I saw a comment that suggested that a lawyer was reviewing claims to deny them for Medicare. So it prompted me to describe what happens in the claim department at pretty much any insurance gig.
Lawyers are not there to process, review claims. They are there to litigate if a suit should occur, or review laws whether new or changing. It is entirely possible that a person who passed the bar and has experience with health law would take on the job of CRS, but it is not to find ways to deny the claim. There are rules and they must be followed, if they are not - then the Lawyer will be needed!
Medicare and any Health Plan Insurer has clear rules (okay the "clear" word is questionable, I know). The insured may or may not know what those rules are but for sure the plans do. Insured should keep copy and records of the policy they own and it's rules. Sometimes mistakes happen, and a claim can be denied. Those are less common today since coding and processes are generally standardized across the industry. You plan and Medicare make available the rules and limits that apply to you. Also they have a process for Appeals & Grievances. Here is just one example for Medicare: If a Medicare health plan denies service or payment, in whole or in part, the plan is required to provide the enrollee with a written notice of its determination. Additionally, Medicare health plan enrollees receiving covered services from an inpatient hospital, skilled nursing facility, home health agency, or comprehensive outpatient rehabilitation facility have the right to a fast, or expedited, review if they think their Medicare-covered services are ending too soon. Plans and providers have certain responsibilities related to notifying beneficiaries of Medicare appeal rights.
And here is the process for resolution: A Claims Resolution Specialist (CRS) is responsible for following regulatory and internal guidelines, and applies them to the payment and or adjustment of claims and resolution of reconsideration requests and provider call resolution.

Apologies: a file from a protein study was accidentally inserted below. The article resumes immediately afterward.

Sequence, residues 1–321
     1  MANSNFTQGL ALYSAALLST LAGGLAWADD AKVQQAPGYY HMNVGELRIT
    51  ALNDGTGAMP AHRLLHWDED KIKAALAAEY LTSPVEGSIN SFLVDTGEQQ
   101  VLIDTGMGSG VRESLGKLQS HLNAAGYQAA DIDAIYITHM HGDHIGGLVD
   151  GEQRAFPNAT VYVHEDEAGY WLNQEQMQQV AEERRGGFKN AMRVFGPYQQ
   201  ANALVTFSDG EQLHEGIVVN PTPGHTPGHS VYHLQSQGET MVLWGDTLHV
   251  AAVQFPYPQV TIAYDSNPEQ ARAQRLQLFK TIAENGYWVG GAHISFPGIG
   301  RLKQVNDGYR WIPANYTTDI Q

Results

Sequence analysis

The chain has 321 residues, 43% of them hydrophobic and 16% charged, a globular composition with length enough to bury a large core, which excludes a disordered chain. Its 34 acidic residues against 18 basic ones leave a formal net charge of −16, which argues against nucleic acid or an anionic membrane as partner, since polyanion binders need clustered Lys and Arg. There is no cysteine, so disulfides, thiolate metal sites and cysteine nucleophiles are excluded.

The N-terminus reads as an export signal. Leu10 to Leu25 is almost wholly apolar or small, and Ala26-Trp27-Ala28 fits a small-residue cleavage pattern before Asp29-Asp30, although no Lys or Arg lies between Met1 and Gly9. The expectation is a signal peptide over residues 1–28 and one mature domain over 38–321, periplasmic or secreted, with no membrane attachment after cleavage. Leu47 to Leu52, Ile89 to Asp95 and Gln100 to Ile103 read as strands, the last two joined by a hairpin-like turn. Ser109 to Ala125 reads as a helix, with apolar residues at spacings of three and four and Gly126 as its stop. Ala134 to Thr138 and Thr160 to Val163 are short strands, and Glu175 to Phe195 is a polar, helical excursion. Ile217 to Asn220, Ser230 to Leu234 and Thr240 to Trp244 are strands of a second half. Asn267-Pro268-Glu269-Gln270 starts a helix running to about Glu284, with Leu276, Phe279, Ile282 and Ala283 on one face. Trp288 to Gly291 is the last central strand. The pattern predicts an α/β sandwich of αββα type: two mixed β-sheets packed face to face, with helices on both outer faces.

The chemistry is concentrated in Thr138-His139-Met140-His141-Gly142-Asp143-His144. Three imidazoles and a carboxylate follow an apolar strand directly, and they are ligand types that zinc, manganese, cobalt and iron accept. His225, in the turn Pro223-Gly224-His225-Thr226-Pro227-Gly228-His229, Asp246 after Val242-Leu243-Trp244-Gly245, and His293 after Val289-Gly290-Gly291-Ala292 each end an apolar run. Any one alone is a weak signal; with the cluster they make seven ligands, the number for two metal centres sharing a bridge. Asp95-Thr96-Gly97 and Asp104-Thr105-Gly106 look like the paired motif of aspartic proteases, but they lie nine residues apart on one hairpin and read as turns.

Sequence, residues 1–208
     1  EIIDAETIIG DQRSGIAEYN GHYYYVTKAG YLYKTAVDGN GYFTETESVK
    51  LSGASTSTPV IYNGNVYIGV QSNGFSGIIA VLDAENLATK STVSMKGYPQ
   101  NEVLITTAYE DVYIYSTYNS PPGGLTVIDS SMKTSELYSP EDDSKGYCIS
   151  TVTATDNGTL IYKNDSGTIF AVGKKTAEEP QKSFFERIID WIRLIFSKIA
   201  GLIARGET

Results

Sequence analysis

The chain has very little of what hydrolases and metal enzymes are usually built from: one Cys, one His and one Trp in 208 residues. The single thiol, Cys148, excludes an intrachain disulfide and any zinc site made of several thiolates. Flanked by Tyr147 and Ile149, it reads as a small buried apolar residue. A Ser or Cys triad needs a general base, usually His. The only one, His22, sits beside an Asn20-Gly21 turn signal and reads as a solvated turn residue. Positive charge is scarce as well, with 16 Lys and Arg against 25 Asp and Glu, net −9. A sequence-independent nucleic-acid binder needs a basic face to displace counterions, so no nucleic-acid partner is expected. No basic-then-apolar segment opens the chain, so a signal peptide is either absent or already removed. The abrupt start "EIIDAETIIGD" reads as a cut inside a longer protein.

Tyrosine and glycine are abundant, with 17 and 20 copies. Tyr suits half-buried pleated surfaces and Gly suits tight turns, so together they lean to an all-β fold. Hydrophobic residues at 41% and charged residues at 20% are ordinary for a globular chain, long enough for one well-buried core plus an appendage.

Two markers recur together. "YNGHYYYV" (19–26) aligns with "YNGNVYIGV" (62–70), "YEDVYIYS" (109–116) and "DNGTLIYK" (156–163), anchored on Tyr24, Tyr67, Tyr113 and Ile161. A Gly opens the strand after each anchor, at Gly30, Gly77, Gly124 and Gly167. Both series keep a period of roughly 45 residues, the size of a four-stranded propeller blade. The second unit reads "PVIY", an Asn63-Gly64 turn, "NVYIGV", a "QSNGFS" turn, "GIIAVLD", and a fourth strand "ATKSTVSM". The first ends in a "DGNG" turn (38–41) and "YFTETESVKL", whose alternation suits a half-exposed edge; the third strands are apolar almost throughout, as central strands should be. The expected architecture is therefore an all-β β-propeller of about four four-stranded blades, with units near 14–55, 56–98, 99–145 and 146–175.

A CRS (or Lawyer lol) knows and follows:
Principles and practices of managed health care, health care systems.
Principles and techniques for handling customer service issues.
Knowledge of Revenue Codes, CPT-4/HCPCS, ICD-9 and Medi-Cal codes.
Knowledge of HCFA (CMS-1500) and UB claim forms.
Knowledge of industry pricing methodologies, such as RBRVS, Medicare/Medi-Cal Fee Schedule, etc.
Benefit interpretation and administration.
Medicare/Medi-Cal guidelines and regulations.
When a claim just gets in and out without issue the process is pretty cut and dry: Claim is submitted by provider, claim is entered into system, system verifies member, provider, location, dates, coding detail, determines payment schedule based on benefits, and if all is in order - payment is sent for the service and an EOB (explanation of benefit) is sent to the member. If all is NOT in order, the the EOB will be sent with an explanation, the process to follow if an appeal is desired, etc. Often, the provider can resolve a denied claim by correcting the submission, and resubmitting it.
So - If a lawyer is processing claims and the job is to find ways to deny your service I'd get a new plan. There are probably less costly ones available. I have some experience with public agency insurance, and RULES are of utmost importance. The lawyers in the house did not process claims